Unlike backups taken with 3th party supplier programs where you where never sure if the backup is consistant, the backups taken with the VCSA backup and restore tool will always be consistent.

Supported protocols:

  • HTTP/S
  • SCP
  • FTP/S
  • Option for encryption

Here is a screenshot of the backup and restore option:


What is new with the Client Integration Plugin?

vSphere 6.5 removed the dependency on the CIP for almost 99 %. If you remember the client integration plugin is required to: deploy and install VCSA, importing OVA and OVF, importing things to the content library. well this is a thing of the past. VMware has seen that many clients struggled with the CIP and has removed its dependency.

However in case you still use the Integrated Windows authentication or Smartcard readers these have not been integrated as of yet but the CIP plugin has been replaced with the Enhanced Authentication Plugin in vSphere 6.5.

What is new in the vSphere 6.5 web Client?

You all have probably seen the HTML 5 fling, so this news will not come as a shock. vSphere 6.5 will integrate the HTML5 web client.

What is new in VUM?

VUM will be integrated into the VCSA as well as mentioned before.

VUM will also offer you the possibility to remediate entire clusters!


What is new in host profiles?

  • A couple of things have been made a lot better: Host profiles in vSphere 6.5 will allow you to run pre-checks before you apply a host profile to a host or a group of hosts. Even better, when applying host profiles DRS will be considered and profiles will be applied in a rolling fashion.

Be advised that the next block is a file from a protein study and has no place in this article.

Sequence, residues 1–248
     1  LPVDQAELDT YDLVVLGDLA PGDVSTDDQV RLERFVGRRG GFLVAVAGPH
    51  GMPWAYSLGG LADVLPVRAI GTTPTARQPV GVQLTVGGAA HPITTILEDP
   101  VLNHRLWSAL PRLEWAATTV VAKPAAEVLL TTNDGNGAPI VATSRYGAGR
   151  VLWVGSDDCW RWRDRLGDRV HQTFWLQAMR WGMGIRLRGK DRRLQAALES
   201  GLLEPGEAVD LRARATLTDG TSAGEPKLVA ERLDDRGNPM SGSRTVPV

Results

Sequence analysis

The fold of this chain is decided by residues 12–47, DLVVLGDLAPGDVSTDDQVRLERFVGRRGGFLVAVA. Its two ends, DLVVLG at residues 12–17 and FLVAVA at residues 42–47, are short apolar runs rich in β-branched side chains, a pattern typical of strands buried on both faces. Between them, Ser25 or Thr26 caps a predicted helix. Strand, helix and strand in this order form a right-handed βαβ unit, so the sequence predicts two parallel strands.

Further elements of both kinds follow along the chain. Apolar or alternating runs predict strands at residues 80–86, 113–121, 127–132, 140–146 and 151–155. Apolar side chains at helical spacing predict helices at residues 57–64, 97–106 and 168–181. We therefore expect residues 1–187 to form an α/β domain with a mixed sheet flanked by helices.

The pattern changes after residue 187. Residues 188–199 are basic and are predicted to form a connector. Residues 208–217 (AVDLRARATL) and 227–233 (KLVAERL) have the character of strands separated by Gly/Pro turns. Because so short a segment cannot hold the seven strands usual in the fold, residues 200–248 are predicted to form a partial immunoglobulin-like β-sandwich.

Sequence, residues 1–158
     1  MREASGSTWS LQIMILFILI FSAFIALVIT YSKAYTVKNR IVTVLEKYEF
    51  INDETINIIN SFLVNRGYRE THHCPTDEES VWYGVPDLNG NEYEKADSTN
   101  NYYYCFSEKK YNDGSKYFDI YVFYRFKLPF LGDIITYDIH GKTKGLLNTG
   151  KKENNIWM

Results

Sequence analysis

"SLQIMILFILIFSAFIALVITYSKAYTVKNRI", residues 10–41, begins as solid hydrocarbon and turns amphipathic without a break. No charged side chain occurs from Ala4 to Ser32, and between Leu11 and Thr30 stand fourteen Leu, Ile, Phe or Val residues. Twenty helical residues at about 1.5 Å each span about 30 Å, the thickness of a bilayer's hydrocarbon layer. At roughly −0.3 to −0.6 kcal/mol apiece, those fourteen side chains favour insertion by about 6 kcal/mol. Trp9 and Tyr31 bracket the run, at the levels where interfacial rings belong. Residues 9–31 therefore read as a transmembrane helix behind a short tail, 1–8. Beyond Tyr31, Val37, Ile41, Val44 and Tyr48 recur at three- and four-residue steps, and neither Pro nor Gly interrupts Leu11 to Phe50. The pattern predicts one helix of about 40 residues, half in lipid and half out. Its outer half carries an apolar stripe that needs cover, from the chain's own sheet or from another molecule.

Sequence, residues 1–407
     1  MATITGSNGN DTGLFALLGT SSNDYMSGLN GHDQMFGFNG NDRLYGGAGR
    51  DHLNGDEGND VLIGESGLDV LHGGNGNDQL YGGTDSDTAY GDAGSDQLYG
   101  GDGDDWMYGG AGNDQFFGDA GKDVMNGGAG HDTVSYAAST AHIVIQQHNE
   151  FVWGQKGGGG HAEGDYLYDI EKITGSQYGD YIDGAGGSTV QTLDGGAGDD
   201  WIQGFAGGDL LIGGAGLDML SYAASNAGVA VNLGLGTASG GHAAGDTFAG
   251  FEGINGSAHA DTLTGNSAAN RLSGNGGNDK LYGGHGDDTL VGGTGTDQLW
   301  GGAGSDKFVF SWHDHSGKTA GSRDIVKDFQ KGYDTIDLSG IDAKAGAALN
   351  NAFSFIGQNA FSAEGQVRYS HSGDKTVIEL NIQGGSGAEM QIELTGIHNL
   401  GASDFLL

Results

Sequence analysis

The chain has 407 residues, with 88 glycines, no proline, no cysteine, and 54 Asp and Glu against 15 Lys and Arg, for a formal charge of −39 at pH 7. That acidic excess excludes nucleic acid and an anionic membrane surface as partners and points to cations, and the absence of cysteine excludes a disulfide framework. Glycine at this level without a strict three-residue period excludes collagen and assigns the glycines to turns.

• You will be able to import hosts in bulk by umporting a CSV file.
  • Detailed reports are available after applying a host profile to a host.

What is new in Auto Deploy?

This is a major improvement and one that I actually would love to use in production. Auto Deploy in vSPhere 6.5 has received a GUI and many more PowerCLI deploy commands!


What is new in vROPS and Log Insight?

vROPS has received a a new home Dashboard which is offering a better overview of what lives in your datacenter but it also has received a brand new DRS Dashboard!


Log Insight Has received the clarity UI (like the one used for the HTML 5 web client) and alert enhancements.


Of course there are many other improvements for both products, such as a better integration between both. Then there also is the integration of Arkin for the NSX visibility.  we could continue like this but I’d like to leave something for you to discover as well!

What is new with PowerCLI, SDK and API’s?

Let’s start with the big news first. PowerCLI is using modules only, there are no more snap-ins!


If you love API’s vSphere 6.5 comes with a brand new API explorer which comes with a button to try-out the API you want to test. The REST APIs of vCenter, the tags, appliance management, content library and API query are available.  You can reach the API explorer at https://vchostname/apiexplorer


Also VMware is putting huge efforts into creating more and better API’s for Virtual Machine management. This is however still in work in progress so keep an eye out for this.

The biggest news about the CLI probably is the datacenter CLI which can be used to manage Photon. So get ready for those bits if you are into containers!


There is more news, just check out the other new blog posts!